top of page

Books On Craft

by Kiana Shaley

Who doesn’t love a good book on craft? When we think of our favorites, the usual sweethearts come to mind: A Poetry Handbook, Bird by Bird, Stephen King’s On Writing (known even amongst non-writers if only for its drug content), The Artist’s Way, you’ve seen the lists. These books have several things in common: they’re perennial bestsellers and all written by authors identifying, living, and working in the dominant culture. Even the lesser-known, yet widely recommended ones are: Save the Cat! Writes a Novel, The Science of Storytelling, The Writing Life. This fact doesn’t make the wisdom they dispense any less valuable, but it does beg two questions:

1) Where all my other craft books at?, and 2) If lived experience and craft feed off of each other, then the most prevalent way is the colonial way which has what effect on the work and voice of historically-underrepresented writers?

The socioeconomic psychology of the latter question is the harder answer, but both can be explored with books; that is, books on craft written by BIPOC, Disabled, LGBTQIA+, and Neurodivergent authors because yes, if lived experience and craft feed off of each other, then

what we need are narrative structures of liberation to release what has been kept behind acid-washed wrought-iron gates.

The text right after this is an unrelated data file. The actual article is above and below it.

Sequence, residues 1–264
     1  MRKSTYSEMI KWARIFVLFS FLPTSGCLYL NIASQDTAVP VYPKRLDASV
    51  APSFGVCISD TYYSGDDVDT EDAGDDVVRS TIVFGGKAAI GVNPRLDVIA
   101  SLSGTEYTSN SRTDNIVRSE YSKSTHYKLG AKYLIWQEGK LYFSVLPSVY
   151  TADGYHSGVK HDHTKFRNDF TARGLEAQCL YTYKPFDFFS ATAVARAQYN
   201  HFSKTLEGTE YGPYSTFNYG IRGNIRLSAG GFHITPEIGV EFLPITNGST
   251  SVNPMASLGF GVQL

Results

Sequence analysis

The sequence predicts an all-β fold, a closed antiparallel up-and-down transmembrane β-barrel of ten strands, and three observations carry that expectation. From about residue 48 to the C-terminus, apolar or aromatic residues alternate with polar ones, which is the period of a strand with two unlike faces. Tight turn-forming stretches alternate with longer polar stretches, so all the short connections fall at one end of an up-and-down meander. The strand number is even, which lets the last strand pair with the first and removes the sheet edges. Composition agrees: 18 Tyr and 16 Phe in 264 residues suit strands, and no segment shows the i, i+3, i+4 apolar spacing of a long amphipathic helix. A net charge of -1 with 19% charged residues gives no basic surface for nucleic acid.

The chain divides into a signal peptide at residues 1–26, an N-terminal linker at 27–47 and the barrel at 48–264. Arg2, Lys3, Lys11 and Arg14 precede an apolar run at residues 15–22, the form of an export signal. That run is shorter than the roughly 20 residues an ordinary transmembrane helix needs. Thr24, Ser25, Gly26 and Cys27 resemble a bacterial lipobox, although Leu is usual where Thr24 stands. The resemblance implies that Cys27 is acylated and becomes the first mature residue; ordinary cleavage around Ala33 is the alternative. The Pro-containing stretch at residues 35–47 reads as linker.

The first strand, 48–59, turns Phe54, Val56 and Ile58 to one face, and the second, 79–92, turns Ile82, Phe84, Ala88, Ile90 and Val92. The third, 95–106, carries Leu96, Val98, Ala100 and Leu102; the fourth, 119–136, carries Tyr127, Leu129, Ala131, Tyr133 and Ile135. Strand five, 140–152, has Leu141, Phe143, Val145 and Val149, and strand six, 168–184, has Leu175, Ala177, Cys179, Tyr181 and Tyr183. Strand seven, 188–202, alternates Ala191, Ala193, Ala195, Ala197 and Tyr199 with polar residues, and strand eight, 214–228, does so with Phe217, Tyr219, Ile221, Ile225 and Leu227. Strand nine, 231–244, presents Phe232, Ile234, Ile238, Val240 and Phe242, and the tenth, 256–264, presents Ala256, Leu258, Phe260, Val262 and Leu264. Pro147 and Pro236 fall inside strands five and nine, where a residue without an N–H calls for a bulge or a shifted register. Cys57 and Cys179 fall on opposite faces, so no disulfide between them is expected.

Here are these narratives / structures. This list is by no means comprehensive, so share all recs.


How Dare We! Write by Sherry Quan Lee (Editor)

Totally slept on this and just started reading!


In Search of Duende by Federico Garcia Lorca

Re/Orienting Writing Studies: Queer Methods, Queer Projects by William P. Banks, Matthew B. Cox, & Caroline Dadas

Though Ryan doesn’t pointedly discuss her identity as it is interwoven with craft, her view of poetry and the poet’s work offers in it of itself a Buddhist resistance to the strains of capitalism and ego.

This one’s a bit of a cheat as it’s not on writing perse, but one could argue that creative writing is educational writing in its own right, and to know that is to free that. Also, everyone should read this book and all things bell hooks, so there ya’ go.

The Art of Daring by Carl Phillips

The Mirror Diary by Garrett Hongo

The Way of the Writer by Charles Johnson


A FANTASTIC essay that will make you want to write a short story, like, now. Also, Junot Diaz.

The Force of What’s Possible: Accessibility and the Avant-Garde, “from Unincorporated Poetic Territories” by Craig Santos Perez


originally posted on

66 views0 comments

Recent Posts

See All


bottom of page